Long before the globalization of hockey as we now know it, Mikita was a pioneer. From hardscrabble beginnings in Czechoslovakia, he and Jill raised a wonderful family with four children. Stan, forever grateful, made random acts of kindness part of his routine, and not for photo ops.
Shortly after Magnuson and Cliff Koroll's rookie year, Mikita called them over the summer to meet for lunch. Instead, he drove them to Soldier Field for the initial Special Olympics in 1968. This is what you do, Mikita intoned, when you're a Blackhawk. Visit churches. Go to nursing homes. Give back to the community.
When Mikita became deeply involved in the American Hearing Impaired Hockey Association-he knew no other way than deeply involved-he didn't have to ask teammates to show up every day for kids who were challenged. The Blackhawks came out of respect for Mikita and a cause that meant so much to him. Stan didn't just explore or dabble in humanitarian ventures. He surrounded them.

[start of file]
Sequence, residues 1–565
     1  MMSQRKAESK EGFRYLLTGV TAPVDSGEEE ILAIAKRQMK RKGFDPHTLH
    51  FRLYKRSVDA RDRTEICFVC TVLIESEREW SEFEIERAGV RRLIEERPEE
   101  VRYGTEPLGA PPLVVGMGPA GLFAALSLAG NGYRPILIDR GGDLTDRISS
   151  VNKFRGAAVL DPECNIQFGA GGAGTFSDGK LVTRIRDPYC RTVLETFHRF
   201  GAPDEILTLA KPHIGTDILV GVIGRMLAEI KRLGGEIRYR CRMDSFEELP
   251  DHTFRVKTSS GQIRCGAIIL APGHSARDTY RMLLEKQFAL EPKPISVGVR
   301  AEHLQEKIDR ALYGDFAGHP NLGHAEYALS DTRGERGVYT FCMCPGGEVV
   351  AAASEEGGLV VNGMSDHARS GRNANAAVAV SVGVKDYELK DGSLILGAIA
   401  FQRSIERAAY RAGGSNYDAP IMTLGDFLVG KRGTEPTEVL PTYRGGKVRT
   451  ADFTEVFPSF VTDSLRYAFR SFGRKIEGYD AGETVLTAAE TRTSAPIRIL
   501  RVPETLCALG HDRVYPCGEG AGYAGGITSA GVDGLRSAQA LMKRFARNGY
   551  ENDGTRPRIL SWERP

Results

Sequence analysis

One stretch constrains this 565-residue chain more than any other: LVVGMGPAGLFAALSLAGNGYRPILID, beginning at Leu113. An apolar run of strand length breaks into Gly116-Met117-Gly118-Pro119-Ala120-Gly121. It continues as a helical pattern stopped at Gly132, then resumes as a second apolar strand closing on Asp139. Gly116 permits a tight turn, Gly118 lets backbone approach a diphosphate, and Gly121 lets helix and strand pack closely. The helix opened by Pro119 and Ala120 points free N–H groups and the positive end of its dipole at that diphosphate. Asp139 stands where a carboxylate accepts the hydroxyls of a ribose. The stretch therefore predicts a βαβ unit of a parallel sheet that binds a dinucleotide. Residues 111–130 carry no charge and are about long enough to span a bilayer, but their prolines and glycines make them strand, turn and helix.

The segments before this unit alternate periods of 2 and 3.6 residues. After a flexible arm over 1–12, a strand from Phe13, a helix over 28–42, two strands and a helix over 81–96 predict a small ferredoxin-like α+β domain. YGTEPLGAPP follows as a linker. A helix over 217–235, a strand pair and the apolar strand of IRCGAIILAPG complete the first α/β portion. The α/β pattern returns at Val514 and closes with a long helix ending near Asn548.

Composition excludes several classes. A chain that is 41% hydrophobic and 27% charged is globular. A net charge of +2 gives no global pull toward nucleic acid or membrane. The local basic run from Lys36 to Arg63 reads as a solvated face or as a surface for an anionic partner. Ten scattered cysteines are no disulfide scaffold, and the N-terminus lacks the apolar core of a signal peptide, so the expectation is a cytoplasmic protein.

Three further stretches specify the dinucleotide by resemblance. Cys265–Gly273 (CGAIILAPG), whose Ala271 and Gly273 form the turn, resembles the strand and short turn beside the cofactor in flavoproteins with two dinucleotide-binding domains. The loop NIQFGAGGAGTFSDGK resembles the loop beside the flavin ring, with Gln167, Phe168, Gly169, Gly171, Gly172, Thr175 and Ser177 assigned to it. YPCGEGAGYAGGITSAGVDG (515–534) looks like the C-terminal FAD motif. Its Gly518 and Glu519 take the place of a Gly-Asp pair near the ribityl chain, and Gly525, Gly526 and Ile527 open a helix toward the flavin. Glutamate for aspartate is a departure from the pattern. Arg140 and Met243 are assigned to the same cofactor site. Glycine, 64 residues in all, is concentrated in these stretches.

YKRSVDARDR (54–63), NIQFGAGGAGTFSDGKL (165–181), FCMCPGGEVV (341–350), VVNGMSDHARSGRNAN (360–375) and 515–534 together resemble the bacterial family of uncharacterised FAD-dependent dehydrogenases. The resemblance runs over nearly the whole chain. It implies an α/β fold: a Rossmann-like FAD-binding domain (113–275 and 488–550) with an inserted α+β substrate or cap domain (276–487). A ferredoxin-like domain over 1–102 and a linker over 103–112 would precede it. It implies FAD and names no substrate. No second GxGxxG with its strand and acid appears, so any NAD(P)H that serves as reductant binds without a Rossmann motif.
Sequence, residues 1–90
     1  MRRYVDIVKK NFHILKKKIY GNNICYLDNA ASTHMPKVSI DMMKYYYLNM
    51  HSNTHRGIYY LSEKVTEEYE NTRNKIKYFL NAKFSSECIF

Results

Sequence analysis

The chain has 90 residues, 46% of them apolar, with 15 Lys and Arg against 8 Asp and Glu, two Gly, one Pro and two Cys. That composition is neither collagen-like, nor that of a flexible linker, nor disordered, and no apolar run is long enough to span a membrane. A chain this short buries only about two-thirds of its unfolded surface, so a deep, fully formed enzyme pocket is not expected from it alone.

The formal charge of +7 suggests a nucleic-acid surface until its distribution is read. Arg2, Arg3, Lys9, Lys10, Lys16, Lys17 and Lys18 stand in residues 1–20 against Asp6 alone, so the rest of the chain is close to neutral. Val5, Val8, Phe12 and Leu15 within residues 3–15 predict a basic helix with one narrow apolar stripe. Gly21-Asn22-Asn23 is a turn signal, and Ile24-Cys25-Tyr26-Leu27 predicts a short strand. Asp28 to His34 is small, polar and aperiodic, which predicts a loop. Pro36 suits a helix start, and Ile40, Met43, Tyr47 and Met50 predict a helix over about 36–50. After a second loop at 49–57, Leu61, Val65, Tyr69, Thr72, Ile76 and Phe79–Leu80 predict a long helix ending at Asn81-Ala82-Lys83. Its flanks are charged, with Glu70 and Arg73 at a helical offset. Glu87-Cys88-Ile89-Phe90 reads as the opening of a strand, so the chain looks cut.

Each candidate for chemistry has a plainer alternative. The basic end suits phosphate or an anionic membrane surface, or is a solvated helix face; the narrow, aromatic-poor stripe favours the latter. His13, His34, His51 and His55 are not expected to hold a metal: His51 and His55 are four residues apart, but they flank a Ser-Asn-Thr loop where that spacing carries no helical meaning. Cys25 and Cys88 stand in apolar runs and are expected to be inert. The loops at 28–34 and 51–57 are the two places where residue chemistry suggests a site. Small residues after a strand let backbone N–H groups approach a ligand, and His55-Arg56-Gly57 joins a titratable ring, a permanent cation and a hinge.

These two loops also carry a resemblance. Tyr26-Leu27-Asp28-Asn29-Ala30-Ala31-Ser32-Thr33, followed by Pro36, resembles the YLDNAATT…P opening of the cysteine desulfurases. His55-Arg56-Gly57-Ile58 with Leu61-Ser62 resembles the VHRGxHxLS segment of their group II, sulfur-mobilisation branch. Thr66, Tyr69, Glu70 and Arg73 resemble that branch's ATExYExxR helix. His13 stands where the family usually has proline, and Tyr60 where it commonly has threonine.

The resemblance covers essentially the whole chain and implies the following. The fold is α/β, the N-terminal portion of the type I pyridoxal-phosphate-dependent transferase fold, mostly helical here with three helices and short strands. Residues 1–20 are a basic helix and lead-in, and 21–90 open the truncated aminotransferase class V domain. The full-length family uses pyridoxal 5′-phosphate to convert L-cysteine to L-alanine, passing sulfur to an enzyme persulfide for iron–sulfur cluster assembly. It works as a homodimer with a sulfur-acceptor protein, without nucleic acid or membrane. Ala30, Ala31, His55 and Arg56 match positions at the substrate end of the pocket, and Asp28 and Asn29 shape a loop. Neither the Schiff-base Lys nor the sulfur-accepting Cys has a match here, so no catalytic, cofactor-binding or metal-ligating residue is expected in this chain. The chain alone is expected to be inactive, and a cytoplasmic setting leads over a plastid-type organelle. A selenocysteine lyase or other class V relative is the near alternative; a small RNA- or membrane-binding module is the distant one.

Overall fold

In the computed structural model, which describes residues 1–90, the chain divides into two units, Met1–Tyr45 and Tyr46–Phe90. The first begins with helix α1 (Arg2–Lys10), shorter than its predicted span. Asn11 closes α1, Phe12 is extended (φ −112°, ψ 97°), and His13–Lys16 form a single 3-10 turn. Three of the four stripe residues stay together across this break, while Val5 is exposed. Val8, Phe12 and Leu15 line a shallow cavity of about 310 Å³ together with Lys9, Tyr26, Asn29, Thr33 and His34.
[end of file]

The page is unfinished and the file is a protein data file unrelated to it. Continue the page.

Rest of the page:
For 22 years, Mikita was the soul of the Blackhawks. He possessed a peerless hockey IQ, along with a grasp of a well-balanced existence that resonated beyond the boards. But as Mikita's career wound down, his battle wounds mounted, as did losses by the team. Hours before Christmas Day 1976, Reay was rudely fired with a note under his office door. Bill White, Bobby Orr and Mikita-all injured-were appointed coaches, the latter two as assistants.
When White was asked about his first move as head man, he quipped, "I'm going to remove all my doors from their hinges." Mikita, usually in good humor and appreciative of such a one-liner, wanted no part of the arrangement. He thought it was a farce and felt for Reay.